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in this place is accepted as a standard value everywhere, and their prices remain fixed, scarcely ever varying. The price of other furs, on the contrary, varies very much in the market, depending frequently on their excellence and beauty. Such is the case with grey fox skins (siwodushki), the price of which frequently ranges from twenty-five to one hundred and twenty assignat rubles; and in like manner the skin of the black fox and of various species of striate fox, as well as the fur of blue reindeer and sables, is very uncertain.

In my estimation, however, no fur is equal in beauty to that of the black fox. The hair is long, soft and glossy, and as black as charcoal, without any admixture of brown, except a very narrow yellow stripe running from the throat to the belly in the shape of a cross.

On its legs a silvery hair, shooting out from the black, contributes to heighten the effect of the jet and throws out its lustre. These skins fetch four hundred assignat rubles, and are such a rarity that at the latest Obdorsk fair only twentyeight could be procured.

The skins of foxes from the district of Berezov are far more prized than those brought

from the steppe—not to speak of. the commonest foxes as bialodushki,* a name derived from their colour. This is a yellowish-white, intermixed in some parts with spots of black hair. Even' these obtain a higher price than those of the steppe. The latter are commonly browner; but their hair is dry and rough and liable to be soon rubbed off, whereas the fur of the more northern region is distinguished by a dense soft hair, and usually is much more durable.

The fur trade extends to the skins of a species of ducks, called gogarki ; which are most beautiful in appearance, and much in demand. Their colour is a dark violet, and the skin is very strong and elastic. They are used for little caps, and for outside coverings of fur shubas.

A quantity of feathers and swan skins are also exported from this place.

Though Berezov is admitted to be the seat of trade for the most valuable and most costly skins, yet, strange to say, it is very difficult to procure in the town any fur garment ready for

There are, in fact, no proper furriers or


* Bialodushki, literally, means

" white souls.”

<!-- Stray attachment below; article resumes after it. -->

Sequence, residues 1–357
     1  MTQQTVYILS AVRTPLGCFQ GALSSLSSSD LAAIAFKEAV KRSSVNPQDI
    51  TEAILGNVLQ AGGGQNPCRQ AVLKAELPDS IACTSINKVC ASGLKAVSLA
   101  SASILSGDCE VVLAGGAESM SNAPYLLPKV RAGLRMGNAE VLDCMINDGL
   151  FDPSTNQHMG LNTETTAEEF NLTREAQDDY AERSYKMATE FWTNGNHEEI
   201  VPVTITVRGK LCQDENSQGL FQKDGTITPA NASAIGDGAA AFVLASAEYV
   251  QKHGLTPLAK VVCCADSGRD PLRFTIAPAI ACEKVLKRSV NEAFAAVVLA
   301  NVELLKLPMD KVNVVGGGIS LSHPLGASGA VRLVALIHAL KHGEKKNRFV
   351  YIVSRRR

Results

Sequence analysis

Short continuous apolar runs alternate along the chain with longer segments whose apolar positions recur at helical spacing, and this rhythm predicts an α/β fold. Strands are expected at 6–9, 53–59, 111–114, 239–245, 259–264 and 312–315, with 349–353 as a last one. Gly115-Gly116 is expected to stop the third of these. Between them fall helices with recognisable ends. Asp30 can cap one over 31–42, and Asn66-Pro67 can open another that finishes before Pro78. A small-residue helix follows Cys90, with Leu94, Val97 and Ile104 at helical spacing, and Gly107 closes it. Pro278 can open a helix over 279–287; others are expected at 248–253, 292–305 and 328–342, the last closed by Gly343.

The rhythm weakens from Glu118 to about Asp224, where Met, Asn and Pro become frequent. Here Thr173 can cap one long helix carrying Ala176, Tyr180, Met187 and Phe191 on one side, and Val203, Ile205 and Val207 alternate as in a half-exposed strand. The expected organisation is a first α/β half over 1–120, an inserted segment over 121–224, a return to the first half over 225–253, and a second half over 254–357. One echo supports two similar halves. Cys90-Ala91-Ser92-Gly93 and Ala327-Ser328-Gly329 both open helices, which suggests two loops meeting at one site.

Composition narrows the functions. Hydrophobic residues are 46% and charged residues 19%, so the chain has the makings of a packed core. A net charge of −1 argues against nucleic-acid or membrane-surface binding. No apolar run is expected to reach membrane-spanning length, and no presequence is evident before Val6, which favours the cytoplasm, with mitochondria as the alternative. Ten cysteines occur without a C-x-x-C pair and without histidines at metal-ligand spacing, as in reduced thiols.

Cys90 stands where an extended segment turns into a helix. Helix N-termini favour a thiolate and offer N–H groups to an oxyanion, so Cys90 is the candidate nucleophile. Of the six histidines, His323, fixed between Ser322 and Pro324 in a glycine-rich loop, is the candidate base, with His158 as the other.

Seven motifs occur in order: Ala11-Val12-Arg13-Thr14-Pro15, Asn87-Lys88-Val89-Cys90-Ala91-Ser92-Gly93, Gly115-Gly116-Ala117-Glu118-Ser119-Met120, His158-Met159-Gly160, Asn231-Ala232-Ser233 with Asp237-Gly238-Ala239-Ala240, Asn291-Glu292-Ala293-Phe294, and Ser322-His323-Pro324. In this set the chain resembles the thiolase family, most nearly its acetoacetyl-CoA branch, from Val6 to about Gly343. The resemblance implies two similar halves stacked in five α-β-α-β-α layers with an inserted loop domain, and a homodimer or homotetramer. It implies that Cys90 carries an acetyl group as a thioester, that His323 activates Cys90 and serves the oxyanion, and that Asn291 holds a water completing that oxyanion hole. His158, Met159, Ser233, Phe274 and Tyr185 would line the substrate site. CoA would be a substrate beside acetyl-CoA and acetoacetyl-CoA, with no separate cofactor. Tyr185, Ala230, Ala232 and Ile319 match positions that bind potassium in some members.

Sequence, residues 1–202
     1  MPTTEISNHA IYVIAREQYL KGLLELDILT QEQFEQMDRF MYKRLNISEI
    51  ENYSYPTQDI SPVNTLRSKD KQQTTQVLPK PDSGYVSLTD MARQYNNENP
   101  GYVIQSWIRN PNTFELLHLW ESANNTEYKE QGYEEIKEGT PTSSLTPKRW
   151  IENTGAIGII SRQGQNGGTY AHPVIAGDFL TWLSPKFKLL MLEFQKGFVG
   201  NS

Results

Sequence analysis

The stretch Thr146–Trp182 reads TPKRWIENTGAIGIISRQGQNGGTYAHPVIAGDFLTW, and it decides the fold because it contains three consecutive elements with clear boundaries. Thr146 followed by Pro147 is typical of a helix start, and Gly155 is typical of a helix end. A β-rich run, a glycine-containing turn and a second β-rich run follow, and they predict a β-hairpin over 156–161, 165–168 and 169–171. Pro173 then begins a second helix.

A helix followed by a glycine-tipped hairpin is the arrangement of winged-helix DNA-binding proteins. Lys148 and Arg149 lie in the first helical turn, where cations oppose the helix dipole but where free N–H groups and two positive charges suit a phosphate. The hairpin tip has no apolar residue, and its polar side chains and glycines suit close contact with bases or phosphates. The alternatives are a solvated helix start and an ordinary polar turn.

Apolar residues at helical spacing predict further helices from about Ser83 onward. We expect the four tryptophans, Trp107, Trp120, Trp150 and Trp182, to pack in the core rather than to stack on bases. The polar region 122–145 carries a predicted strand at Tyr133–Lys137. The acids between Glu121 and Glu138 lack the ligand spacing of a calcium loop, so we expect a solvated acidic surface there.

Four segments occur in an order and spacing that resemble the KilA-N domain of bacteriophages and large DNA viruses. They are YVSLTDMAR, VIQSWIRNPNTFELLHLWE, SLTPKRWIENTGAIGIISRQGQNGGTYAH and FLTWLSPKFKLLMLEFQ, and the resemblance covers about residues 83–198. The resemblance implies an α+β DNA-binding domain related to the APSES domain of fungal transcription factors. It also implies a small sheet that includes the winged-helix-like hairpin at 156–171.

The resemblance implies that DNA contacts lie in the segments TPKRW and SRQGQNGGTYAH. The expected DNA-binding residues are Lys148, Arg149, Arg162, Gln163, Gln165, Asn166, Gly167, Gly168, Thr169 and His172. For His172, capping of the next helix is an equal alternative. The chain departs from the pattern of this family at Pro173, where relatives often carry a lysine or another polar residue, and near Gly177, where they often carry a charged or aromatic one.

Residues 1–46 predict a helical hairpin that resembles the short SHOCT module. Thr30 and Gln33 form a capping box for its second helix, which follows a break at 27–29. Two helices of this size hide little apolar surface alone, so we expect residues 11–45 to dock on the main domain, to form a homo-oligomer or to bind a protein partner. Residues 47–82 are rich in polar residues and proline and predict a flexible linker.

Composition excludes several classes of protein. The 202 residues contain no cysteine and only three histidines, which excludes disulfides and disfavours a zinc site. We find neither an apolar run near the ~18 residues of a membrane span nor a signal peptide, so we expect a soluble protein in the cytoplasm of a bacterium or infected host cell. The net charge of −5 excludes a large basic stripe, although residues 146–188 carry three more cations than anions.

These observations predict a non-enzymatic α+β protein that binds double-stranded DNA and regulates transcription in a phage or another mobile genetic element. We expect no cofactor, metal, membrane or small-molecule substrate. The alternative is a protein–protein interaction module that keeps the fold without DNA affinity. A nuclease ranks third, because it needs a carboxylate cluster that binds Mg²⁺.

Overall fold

tanners here. All the hides and skins are sent either to Irbit or Nijni Novogorod, where they are sold by fur dealers in their raw state, and undergo the process of tanning and dressing by others, and not till then do they find their way back in a finished condition to Berezov. Thus fur garments of the choicest quality are obtained in these towns at a much more reasonable price than at the original market.

The whole of the furs sold at Obdorsk as yasak, are in the first instance brought to the Custom-house at Berezov, and afterwards transported to the Government stores at Tobolsk. Here the skins of inferior quality are sold, and the more valuable portion sent to St. Petersburg. The last frequently includes most exquisite specimens.

The severe frost of the winter did not keep me indoors. Even when the mercury had frozen, and the alcohol, or spirit thermometer, was at 50° Reamur, I went out to try what effect it would produce upon me, and particularly on my skin and lungs. Much to my surprise, I did not experience any unpleasant sensation. I observed, however, that my breath was imme


diately transformed into a visible thick column of condensed vapour; and in all probability that very column surrounding me in a great degree screened my lungs from coming into immediate contact with the external air. The saliva, before it reached the ground, was congealed in the air. Owing, perhaps, to the quantity of clothing which I put on, the frost could not much affect my skin, and the little portion of my face that I had left uncovered could hardly be made the subject of experiment.

At the approach of winter, all the birds, unable to sustain the severity of frost, leave Berezov in flocks, with the single exception of the magpie, which, while keeping close to the precincts of the town, remains in undisputed possession of the aerial regions. There are no animals in the forests but those covered with thick warm fur, which is impervious to cold, and which Nature, in bountiful regard to their condition, has made denser and richer than that of any animals of their kind inhabiting more southern regions.

Despite the intensity of the cold, our land

lord sent out his servants to the river-side to fetch some hay. Two of the servants returned with frost-bitten faces. Brandy was applied to the frozen parts, and the application repeated until the smarting pain diminished. The parts continued for some time red, as if they had been subjected to blisters.

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